Fourier Series

There are curves in mathematics that are very difficult to quantify. There are plenty of equations that are difficult to write an equation for: That is why we have Fourier Series. Fourier Series uses sines and cosines to interact with one another to create a harmonic analysis of the curve and to mimic the actual graph (Weisstein Fourier). These are not exact equations, but some of the predictions are fairly close to the desired end result.


Fourier Series is just that—a series. The basic equation is  where

(Weisstein Fourier). When multiple iterations have been achieved, the formulas produce a summation that is a large string of sines and cosines with coefficients abounding. The more iterations of the series that are used, the more accurately the prediction will be close to the actual graph. Each iteration adds curves to the prediction until it slowly matches with the intended picture; the original prediction is typically a horizontal line on the x-axis and as the series increases the prediction improves to shadow the graph more accurately (Weisstein Fourier). The more iterations that the series performs provides the series with more information and more terms which is what allows the series to become more accurate. These predictions are close, but they all include what is known as the Gibbs phenomena: this is when there is a slight bump on the prediction directly before the true values drastically change (Weisstein Gibbs). This is because sines and cosines make up the prediction and they are wave equation that do not keep up with big interval changes as well as other changes. These waves can also be seen throughout the graph; however, they are simply more distinct around large changes.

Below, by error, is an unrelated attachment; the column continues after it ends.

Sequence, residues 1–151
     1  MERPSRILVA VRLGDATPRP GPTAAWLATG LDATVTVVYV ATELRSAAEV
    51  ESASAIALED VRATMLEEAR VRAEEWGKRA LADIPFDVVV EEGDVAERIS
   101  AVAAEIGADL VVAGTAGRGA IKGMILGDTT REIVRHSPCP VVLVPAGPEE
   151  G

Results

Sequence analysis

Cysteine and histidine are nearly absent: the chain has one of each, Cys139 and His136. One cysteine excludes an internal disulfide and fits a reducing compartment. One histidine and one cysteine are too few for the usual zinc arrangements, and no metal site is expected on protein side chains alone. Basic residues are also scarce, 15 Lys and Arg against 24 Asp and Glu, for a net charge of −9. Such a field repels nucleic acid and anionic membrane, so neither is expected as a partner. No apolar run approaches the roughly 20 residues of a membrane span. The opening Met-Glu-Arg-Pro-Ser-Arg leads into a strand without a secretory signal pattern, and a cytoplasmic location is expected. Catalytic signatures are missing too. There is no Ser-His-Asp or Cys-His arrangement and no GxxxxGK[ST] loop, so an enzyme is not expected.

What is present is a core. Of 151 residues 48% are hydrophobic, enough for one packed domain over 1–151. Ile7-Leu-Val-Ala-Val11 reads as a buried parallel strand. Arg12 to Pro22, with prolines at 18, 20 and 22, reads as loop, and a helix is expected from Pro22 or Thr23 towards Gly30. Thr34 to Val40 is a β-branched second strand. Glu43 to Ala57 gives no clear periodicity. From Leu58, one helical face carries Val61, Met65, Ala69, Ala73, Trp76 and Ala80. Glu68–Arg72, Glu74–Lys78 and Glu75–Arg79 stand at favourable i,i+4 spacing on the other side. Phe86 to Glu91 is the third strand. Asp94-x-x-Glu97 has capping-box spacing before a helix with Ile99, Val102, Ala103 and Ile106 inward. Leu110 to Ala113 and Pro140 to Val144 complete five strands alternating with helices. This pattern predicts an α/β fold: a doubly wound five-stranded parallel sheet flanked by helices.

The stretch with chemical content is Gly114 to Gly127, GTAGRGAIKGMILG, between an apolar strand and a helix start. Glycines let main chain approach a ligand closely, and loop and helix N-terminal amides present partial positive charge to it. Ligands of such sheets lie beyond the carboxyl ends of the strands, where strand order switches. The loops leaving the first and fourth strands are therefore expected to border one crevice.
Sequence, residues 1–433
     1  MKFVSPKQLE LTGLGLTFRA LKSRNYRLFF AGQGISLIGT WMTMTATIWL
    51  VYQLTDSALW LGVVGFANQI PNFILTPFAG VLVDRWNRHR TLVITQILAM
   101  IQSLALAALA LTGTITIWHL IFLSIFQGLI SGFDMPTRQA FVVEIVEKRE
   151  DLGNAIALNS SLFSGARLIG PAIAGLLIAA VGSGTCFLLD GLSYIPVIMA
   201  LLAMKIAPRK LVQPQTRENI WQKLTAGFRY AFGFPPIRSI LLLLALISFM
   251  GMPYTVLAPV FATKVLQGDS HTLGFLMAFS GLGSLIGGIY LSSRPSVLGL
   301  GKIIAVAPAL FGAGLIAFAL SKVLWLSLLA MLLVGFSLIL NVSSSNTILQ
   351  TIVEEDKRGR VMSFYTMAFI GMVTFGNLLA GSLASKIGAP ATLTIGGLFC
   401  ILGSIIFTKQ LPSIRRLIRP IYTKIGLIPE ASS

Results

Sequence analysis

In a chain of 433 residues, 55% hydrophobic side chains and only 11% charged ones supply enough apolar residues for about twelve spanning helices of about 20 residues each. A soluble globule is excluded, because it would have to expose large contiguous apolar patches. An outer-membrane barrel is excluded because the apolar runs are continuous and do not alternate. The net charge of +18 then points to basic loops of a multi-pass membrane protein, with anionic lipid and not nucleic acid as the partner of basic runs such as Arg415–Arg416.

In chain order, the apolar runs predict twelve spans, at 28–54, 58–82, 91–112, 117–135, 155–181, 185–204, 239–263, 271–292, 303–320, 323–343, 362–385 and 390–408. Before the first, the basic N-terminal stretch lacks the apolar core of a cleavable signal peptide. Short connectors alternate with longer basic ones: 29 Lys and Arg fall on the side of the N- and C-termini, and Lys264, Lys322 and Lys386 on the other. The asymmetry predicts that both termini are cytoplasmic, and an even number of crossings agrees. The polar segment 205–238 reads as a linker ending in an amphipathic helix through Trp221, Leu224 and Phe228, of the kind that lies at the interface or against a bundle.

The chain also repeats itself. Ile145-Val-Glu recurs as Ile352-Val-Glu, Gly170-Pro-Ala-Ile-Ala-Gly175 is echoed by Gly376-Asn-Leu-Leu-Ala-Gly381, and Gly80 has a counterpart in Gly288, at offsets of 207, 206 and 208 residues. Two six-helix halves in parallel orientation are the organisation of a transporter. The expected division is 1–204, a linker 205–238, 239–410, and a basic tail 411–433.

The Fourier music piece is based around the square curve and how the Fourier Series forms around that. The first two notes that you hear are the true square curve that the Fourier Series will try to replicate. Following a measure of rest is the first iteration of Fourier Series, then another rest and the second iteration, and so on. It is easy to hear how much closer the estimations grow toward the square curve. The major difference is that the two notes are disconnected in the square curve; however, Fourier connects the lines (which is easy to hear in the piece). It is also possible to hear the Gibbs phenomena, every iteration (following the first) overestimates the maximum and minimum of the original function due to this principle (Weisstein Gibbs). The musical piece follows the image since the black lines signify the square curve, the red line is the first iteration of Fourier Series, the orange line is the second iteration, followed by the yellow line, then the green line, and finally the blue line.

(Image from Wolfram Alpha)


Played by Liv Long